3. The Jorgensonian set of accounts is closely related to the SNA in developing an integrated set of accounts. The Jorgensonian accounts include nonmarket elements and an extensive set of imputations; they do not yet include a set of environmental or externality accounts.2
4. There are additionally several partial accounts that have been developed in different sectors. The accounts developed for natural resources and the environment have been surveyed in the Academy report Nature's Numbers (Nordhaus and Kokkelenberg 2000).
In considering augmented accounts design, the major issues concern the following: (a) adjustments to the NEA design that would be desirable to make augmented accounts conform more closely to a measure of economic welfare, (b) adjustments, additions, and subtractions that would be necessary to include nonmarket activities, and (c) the boundary of nonmarket accounts.
3.2.1 Adjustments Necessary to Conform to Measure of Economic Welfare
“Output” and “income” in economic accounts should, in general, be designed to measure concepts that are consistent with economic welfare. There are many areas where current NEA design does not adequately or properly reflect economic welfare. One obvious example is the focus on gross domestic product, gross domestic income, and other measures of gross output rather than net output and income. Adjusting income and output measures to a net basis is today relatively straightforward, although there are necessarily ambiguities at the margin.
Many other examples of adjustments necessary to conform to economic welfare involve the division of gross output between intermediate products and final products. For example, the U.S. NIPAs today include military expenditures in final output, while the first national accounts included only civilian output. Similar questions arise for expenditures on police, security, and pollution control, which might be classified as “defensive” rather than final expenditures.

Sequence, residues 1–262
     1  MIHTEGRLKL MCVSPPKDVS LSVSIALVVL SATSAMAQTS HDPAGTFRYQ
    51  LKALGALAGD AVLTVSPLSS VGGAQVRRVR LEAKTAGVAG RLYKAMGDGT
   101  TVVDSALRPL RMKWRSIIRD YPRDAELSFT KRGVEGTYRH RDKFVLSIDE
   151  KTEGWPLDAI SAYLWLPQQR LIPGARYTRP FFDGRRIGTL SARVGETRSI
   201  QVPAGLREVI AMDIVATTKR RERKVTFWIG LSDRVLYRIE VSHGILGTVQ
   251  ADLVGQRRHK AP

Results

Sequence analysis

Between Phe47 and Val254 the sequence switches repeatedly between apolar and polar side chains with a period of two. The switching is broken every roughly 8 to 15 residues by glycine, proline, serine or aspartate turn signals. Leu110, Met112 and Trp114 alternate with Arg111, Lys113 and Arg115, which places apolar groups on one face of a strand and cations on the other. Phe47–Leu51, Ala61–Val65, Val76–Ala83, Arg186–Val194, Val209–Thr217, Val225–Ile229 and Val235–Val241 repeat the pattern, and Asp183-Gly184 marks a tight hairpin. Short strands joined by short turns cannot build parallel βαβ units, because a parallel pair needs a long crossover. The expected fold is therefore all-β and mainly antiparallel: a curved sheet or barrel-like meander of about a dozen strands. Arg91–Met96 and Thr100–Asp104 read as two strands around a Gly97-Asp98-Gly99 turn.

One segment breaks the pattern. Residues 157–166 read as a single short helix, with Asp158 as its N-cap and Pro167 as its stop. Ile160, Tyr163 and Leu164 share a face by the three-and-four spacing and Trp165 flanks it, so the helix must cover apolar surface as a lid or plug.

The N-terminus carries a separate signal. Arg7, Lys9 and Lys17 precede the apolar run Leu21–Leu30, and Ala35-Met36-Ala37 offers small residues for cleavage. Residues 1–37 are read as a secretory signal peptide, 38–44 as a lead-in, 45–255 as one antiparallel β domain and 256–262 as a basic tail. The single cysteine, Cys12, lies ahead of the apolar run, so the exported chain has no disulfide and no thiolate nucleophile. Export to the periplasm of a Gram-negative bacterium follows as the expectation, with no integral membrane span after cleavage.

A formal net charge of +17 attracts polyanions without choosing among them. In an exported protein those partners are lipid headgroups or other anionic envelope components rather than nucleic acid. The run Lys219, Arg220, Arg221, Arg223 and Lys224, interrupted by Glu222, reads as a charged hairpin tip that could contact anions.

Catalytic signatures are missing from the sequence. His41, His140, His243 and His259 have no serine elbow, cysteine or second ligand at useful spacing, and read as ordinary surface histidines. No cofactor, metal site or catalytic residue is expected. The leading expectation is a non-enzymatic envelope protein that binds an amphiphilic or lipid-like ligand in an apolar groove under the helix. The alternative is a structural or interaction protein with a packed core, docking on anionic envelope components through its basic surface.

In part, the need for rethinking the definition of output arises because nonmarket accounts might choose to tailor their design to economic welfare rather than, as in the NEA, primarily as a measure of current production and income. More important in this context is that we include (p.146) instrumental expenditures because the goods or services to which they are devoted are either nonmarket activities or imperfectly measured and are excluded from the core accounts. For example, if losses from burglary were part of the nonmarket accounts, then both those losses and home-security expenditures could be excluded from final product; then an expenditure on home security that reduced burglary losses by the same amount would be correctly treated as a zero change in net welfare. Similar issues arise with respect to pollution-control expenditures and the nonmarket impacts of pollution.
3.2.2 Adjustments, Additions, and Subtractions That Would Be Necessary to Include Nonmarket Activities
The next issue concerns the appropriate treatment of nonmarket activities. It should be noted that the accounts already include a substantial value of such activities, including owner-occupied housing and food consumed on farms. A natural principle for treating nonmarket activity is the following:
Basic principle for measuring nonmarket activity. Nonmarket goods and services should be treated as if they were produced and consumed as market activities. Under this convention, the prices of nonmarket goods and services should be imputed on the basis of the comparable market goods and services.
For example, if households gather ten pints of berries in the national forests, then the price attributed to that activity should be the price of berries of equivalent quality in that location. There may be formidable practical issues in implementing this fundamental principle, but the underlying logic is clear.
Near-Market Goods and Services
One important distinction in this regard is whether or not goods and services are “near-market.” A near-market good or service is one that has a direct counterpart in the market (firewood, berries, owner-occupied housing, and homegrown tomatoes). Near-market goods and services obey the “third-party rule,” which states that a third party could produce the good or service just as well as the party that produces the item.
Personal Goods and Services